Question in Category Theory

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Diogo Dias
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Question in Category Theory

Postby Diogo Dias » Mon Dec 01, 2014 4:31 am UTC

Hi. I have two problems and I need some help or ideias on how to solve them.

Suppose I have the following Category:

- the objects are structures (X, Cn)

i) X is any set
ii) Cn is a map from the power set of X to the power set of X

- The arrows are defined as follows:

Given (X, Cn) and (X', Cn'), an arrow t goes from X to X', and is injective, such that for all A subset of X, t(Cn(A))=Cn'(t(A)).

Now, consider the following definition:
Given (X, Cn), and A subset of X, Cnp(A)= U{Cn(A')/A' subset of X, and Cn(A')≠ X}

We define the functor F as
i) F(X, Cn) = (X, Cnp)
ii) F(t) = t.

My problems are:

1) Is this functor idempotent, that is, F(F(Cn))=F(Cn) and F(F(t))=F(t)?
2) How can I define product in these categories?

Thanks!

mike-l
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Re: Question in Category Theory

Postby mike-l » Fri Dec 05, 2014 4:08 am UTC

If I'm reading this right, Cnp is independent of it's input so is a constant function?

In which case it would seem F is not idempotent. Suppose Cn is the identity. Then Cnp is identically X, thereby applying F again gives Cnpp identically the empty set.

Products are also troublesome. The subcategory of objects where Cn is the identity is just the category of sets and injective maps, which does not have products (though it does have coproducts)

I may be misreading (or just wrong) on one or both of these, I'm pretty out of practise
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z4lis
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Re: Question in Category Theory

Postby z4lis » Fri Dec 05, 2014 2:26 pm UTC

Something seems wrong with your definition of Cnp as written. It must be defined on all subsets of X, and the way you have it written looks like a union indexed by A' which are subsets of X with Cn(A')=X. This union may be empty, and in any case the expression is independent of A.
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Diogo Dias
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Joined: Mon Dec 01, 2014 3:51 am UTC

Re: Question in Category Theory

Postby Diogo Dias » Sat Dec 06, 2014 10:49 pm UTC

Hi. Thanks for the help.
You are right. There's a mistake with the definition of Cnp.
The right definition is:
Cnp(A)= U{Cn(A')/A' subset of A, and Cn(A')≠ X}

I'm a logician student and the ideia behind this is that each structure represents a logical system, and the functor creates another category with just the 'consistent' sets of the original logic.
I'm new with category theory, so I'm having trouble translate these ideas in this framework.

How can I define coproducts?

Thanks again for the help!

mike-l
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Joined: Tue Sep 04, 2007 2:16 am UTC

Re: Question in Category Theory

Postby mike-l » Sat Dec 06, 2014 11:12 pm UTC

Coproducts should probably just be disjoint union on everything. Products still won't work for the same reason I mentioned above.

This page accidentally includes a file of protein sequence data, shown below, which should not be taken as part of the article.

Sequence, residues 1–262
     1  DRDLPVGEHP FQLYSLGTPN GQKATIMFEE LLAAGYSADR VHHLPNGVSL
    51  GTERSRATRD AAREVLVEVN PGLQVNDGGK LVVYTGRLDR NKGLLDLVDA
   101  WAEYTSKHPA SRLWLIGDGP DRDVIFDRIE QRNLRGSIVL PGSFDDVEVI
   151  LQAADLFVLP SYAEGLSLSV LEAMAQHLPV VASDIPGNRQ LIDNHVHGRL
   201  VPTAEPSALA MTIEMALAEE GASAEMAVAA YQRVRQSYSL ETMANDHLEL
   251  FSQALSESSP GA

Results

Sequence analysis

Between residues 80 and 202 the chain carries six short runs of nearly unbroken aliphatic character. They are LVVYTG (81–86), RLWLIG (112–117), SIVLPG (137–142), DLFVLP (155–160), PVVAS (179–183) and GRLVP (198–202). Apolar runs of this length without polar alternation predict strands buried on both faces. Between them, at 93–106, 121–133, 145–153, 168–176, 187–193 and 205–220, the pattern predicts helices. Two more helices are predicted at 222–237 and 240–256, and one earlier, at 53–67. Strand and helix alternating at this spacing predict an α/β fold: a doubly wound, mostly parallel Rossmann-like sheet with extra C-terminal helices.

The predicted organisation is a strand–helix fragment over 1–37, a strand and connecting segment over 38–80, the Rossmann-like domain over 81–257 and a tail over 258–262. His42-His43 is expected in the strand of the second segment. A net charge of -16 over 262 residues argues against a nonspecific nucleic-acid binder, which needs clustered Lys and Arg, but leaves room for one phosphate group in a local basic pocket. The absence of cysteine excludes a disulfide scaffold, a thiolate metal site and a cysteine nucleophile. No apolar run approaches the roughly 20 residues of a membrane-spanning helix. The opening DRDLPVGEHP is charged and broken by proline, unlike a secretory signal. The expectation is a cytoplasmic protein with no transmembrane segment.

Idempotence might be true with the new definition. Some obvious attmepts to find counterexamples fail. I'll give some thought to it

Edit: Let X ={1,2}, Cn{1}={1}, Cn{} = {2}

Then Cnp {1} = X and Cnp{} = {2}
Cnpp {1} = {2}

So still not idempotent. Are there maybe any restrictions on Cn?
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Diogo Dias
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Joined: Mon Dec 01, 2014 3:51 am UTC

Re: Question in Category Theory

Postby Diogo Dias » Sun Dec 07, 2014 2:56 am UTC

Thanks again!
I'm trying not to impose any restriction on Cn, to mantain things really abstract. But maybe it's necessary, to get some interesting results, to impose some properties like monotonicity, inclusion and idempotency, that is, to suppose that the Cn is Tarskian. Do you think this will help?

mike-l
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Joined: Tue Sep 04, 2007 2:16 am UTC

Re: Question in Category Theory

Postby mike-l » Mon Dec 08, 2014 5:51 am UTC

I'm not sure exactly what that means. The problem with idempotence right now is essentially only the example I posted, if Cn applied to all subsets of a subset yields the entire set, but is only able to do so using elements from the entire subset.

So one condition that would make F idempotent is that: If A is no empty and if x is in Cn(A) then x is in Cn({y}) for some y in A.

I'm not sure if this is a reasonable condition or not. There are weaker conditions as well, but they are more complicated.
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Diogo Dias
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Joined: Mon Dec 01, 2014 3:51 am UTC

Re: Question in Category Theory

Postby Diogo Dias » Thu Dec 11, 2014 12:55 pm UTC

In your example, why Cnpp(1)={2}?

mike-l
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Joined: Tue Sep 04, 2007 2:16 am UTC

Re: Question in Category Theory

Postby mike-l » Thu Dec 11, 2014 7:57 pm UTC

Cnpp{1} includes Cnp{}, but Cnp{1} is excluded as it is all of X
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